Today’s FLSA Question: I recently read a story on your website about Rhode Island enacting a new law requiring firefighters be paid overtime after working only 42 hours per week. But the FLSA only mandates overtime pay after firefighters work 53 hours per week. Doesn’t federal law (FLSA) trump (or pre-empt) state law?
Answer: Good question. You are not alone in posing this question. I received two nearly identical questions this past week. As a general rule, you are correct. Federal law typically pre-empts (or trumps) state law. However, the FLSA is a unique federal statute in that it sets the bare minimum for this country’s wage and hour requirements. There is nothing within the FLSA that prevents individual states from mandating more enhanced wage and hour benefits for employees within that particular state. In fact, under some rare circumstances local governments have even passed ordinances designed at enhancing minimum wages for workers within their individual communities.
For example, the FLSA mandates a federal minimum wage of $7.25 per hour. However, according to the Economic Policy Institute thirty states have enacted minimum wages that are higher than the federal minimum. Massachusetts has established a minimum wage of $12 per hour. This is significantly higher than the federal minimum. Employers in MA must make sure they are compliant with both the federal and state minimum wage laws.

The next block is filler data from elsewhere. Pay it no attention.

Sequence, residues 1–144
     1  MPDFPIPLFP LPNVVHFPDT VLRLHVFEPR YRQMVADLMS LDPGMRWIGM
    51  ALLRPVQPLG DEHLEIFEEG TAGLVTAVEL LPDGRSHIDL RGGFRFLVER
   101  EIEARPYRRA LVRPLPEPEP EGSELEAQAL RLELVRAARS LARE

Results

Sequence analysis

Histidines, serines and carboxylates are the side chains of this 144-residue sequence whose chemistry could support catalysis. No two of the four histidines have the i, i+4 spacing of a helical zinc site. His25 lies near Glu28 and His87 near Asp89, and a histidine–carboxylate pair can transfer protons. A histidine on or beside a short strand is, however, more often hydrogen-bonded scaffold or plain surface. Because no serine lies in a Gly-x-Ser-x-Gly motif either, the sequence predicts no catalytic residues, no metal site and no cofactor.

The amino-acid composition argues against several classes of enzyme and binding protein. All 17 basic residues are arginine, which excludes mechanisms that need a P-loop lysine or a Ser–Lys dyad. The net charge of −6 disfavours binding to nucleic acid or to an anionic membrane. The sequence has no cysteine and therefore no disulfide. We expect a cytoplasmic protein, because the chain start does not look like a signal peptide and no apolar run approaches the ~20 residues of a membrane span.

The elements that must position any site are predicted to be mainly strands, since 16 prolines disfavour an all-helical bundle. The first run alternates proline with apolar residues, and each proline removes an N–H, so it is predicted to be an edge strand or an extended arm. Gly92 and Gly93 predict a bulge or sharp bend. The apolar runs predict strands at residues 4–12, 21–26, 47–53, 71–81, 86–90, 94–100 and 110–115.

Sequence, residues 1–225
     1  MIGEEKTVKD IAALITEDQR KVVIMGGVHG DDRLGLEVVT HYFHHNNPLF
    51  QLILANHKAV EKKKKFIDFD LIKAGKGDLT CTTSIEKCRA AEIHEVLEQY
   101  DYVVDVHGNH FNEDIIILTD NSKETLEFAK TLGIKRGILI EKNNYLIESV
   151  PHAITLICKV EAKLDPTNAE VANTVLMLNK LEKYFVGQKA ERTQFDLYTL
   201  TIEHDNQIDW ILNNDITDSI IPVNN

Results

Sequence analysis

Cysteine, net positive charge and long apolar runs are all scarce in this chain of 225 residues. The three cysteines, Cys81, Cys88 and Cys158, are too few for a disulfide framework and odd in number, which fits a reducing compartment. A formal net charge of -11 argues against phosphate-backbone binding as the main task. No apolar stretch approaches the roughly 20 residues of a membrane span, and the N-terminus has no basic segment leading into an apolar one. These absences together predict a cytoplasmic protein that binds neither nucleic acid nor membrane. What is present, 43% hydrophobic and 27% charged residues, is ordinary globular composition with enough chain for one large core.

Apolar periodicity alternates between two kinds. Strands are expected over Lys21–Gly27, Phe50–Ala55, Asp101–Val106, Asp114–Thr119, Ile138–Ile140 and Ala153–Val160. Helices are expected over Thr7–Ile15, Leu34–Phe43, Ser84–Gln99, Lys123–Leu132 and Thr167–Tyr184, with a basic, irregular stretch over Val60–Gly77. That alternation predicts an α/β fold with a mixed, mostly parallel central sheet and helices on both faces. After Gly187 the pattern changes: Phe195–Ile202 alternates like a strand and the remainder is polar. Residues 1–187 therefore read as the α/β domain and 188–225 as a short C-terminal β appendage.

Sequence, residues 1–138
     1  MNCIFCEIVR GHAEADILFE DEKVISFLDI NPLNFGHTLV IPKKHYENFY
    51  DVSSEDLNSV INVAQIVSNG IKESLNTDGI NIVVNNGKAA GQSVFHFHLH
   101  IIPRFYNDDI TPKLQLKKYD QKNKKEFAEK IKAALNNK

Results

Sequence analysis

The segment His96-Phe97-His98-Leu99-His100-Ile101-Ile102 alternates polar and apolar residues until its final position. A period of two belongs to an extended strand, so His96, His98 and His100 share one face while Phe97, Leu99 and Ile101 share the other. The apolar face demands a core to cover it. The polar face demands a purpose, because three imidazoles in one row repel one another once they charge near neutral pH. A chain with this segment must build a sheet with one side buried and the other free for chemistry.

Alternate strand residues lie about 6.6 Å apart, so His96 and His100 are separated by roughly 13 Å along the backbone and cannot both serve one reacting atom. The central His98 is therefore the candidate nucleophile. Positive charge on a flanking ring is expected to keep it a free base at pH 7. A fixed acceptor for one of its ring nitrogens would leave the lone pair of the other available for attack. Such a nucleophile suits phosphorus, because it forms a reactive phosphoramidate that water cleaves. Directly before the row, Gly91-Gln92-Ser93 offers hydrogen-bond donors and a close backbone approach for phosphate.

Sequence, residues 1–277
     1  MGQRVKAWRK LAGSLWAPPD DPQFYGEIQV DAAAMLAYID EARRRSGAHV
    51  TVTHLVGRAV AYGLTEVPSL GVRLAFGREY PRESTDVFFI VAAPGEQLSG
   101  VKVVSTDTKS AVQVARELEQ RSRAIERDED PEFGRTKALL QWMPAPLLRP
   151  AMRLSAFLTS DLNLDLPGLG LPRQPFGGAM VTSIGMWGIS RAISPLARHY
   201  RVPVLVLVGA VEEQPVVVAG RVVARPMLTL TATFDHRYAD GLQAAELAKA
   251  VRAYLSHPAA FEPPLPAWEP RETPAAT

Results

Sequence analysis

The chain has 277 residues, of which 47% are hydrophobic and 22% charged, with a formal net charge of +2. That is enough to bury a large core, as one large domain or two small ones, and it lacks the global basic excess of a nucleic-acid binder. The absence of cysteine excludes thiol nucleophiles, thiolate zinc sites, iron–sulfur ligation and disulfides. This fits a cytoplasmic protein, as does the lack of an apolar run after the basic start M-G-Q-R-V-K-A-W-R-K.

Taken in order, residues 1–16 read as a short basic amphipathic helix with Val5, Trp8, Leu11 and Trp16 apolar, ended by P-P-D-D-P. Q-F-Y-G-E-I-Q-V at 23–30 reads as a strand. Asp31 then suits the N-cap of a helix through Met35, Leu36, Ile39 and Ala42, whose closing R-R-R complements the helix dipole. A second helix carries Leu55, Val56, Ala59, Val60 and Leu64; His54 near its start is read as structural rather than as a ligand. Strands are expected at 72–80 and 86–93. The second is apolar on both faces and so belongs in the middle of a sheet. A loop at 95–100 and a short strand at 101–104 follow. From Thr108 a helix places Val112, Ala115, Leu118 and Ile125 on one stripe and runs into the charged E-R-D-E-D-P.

These types of wage and hour enhancements are not limited to just the minimum wage. Some states have enacted laws that require overtime paid to an employee after they work more than a certain number of hours in a single day. The FLSA does not contain such a requirement. Generally speaking, the FLSA only requires overtime eligible workers receive overtime after working forty hours in a seven-day workweek. In theory, an employer could require an employee work forty consecutive hours without any overtime [or even a break for that matter]!
The state of California also provides a good example of state legislation aimed at providing workers enhanced wage and hour benefits above the federal minimum. The California (CA) Labor Code requires employers pay overtime to workers after they work more than eight hours in a single day. The CA law also requires double-time for all hours worked over twelve in a single day. As you can imagine there are numerous exemptions and exceptions to these general requirements, especially for fire and EMS workers. However, these rules provide a good example of how state wage and hour laws can trump federal counterparts.